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The Corporate System in Education – Time for Teachers and Students to Stand Up and Say No

Asghar Dashti

The number of part-time teachers has increased in colleges and universities ever since the establishment of Higher Education Commission (HEC) of Pakistan. The notions of the corporate system in education, i.e. adjunct professor and per lecture wage have become so much common that the teachers have taken the shape of contractual laborers.

This contractual nature of services has also made the exploitation of the teachers very easy in many ways. One of the reasons for this is the uncertainty and insecurity of services that directly begets from the contractual nature of the employment.

Moreover, the majority of the contractual teachers lose motivation because of the undue workload causing mental fatigue and psychological pressure. There is no denying the fact that the introduction of edu-business as per requirements of new liberalism and knowledge economy have made teachers mere factory workers.

It seems as if the HEC with its anti-education and anti-poor policies has left no stone unturned in devaluing universities in the country. Its policy of marketization, privatization and commercialism, and corporatization have made education worthy of nothing and unnecessary.

The space for academic freedom, free speech, democratic values, trade unionism, common struggle, and resistance does not find a place in market value subjects and edu-business concept. Furthermore, the commodification of education is fast leading to depoliticization and the absence of critical thinking in society. This factory model of college and university education will most negatively impact the democratic, social, and cultural fabric of society.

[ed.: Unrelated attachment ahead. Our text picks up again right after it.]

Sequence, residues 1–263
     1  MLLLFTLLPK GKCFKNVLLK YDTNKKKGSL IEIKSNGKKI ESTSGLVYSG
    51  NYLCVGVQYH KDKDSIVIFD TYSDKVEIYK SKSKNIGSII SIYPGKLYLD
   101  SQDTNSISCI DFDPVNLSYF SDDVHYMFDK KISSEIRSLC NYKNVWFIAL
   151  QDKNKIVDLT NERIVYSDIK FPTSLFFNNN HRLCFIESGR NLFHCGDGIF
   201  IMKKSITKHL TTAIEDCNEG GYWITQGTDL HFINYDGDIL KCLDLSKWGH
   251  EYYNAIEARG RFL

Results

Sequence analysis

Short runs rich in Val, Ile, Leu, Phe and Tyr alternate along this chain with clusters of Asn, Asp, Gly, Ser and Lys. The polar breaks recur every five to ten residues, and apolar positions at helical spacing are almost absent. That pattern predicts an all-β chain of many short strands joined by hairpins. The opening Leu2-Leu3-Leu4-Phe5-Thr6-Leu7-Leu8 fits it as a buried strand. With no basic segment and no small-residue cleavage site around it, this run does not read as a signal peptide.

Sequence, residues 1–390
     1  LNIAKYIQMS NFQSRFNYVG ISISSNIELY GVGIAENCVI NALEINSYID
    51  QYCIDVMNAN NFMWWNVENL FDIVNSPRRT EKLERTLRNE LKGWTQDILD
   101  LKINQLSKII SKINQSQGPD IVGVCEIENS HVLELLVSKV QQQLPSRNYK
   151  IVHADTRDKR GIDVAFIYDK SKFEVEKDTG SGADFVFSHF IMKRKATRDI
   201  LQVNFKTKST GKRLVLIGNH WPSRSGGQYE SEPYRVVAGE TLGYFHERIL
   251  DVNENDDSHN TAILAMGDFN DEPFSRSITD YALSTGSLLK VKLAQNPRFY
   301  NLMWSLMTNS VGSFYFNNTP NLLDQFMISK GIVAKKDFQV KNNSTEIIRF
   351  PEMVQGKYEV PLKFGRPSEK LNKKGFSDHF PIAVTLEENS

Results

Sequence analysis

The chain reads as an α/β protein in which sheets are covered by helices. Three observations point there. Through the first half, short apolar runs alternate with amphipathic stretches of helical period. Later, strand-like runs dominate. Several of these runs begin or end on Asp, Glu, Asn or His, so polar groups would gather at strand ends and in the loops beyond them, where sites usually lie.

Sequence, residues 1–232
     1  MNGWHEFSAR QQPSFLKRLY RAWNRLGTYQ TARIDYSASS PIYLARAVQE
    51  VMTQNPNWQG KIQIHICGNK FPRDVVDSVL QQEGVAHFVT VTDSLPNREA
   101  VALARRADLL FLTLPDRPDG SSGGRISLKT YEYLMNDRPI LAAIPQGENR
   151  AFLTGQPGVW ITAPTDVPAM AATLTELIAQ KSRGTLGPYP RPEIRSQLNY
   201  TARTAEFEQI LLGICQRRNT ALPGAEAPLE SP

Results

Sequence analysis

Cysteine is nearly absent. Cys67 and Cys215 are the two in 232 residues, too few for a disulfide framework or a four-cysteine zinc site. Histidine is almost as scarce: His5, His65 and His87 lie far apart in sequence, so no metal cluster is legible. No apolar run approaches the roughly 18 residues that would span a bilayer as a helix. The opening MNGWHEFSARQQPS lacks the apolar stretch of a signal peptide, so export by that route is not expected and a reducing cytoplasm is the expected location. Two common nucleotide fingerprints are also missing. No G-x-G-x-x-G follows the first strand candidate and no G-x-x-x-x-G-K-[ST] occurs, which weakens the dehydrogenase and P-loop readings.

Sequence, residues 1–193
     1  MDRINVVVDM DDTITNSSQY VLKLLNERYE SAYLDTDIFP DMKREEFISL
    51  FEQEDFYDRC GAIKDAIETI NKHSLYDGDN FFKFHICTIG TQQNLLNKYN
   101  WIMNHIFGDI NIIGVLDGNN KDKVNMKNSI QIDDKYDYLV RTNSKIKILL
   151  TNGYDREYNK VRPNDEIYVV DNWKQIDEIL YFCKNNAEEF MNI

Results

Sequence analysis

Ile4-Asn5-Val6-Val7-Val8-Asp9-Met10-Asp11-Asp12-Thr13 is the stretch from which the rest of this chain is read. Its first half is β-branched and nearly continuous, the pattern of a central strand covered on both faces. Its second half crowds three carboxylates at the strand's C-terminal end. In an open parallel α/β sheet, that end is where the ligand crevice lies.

An education system should be reflective of the cultural values and representative of the needs of a nation. But ironically, the culture being introduced by HEC is in sharp contrast to the public sentiments, attitudes, and ideologies. Consequently, an infertile educational system in which students will be mere customers, clients, and consumers is being developed. It will only be the purchasing power of the students as customers to determine whether they can afford the commodity of education or not.

Therefore, it is high time for the teachers and students to raise their voice from a common platform against the new liberal policies of HEC. A consistent, organized, and united struggle will serve as a bulwark against the anti-poor and anti-education policies of HEC.

These views on the corporate system in education were originally shared by Dr. Asghar in Urdu. has translated his view into English for its readers with his permission.

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I am a social activist and educationist. I write on politics, culture, education and economy.

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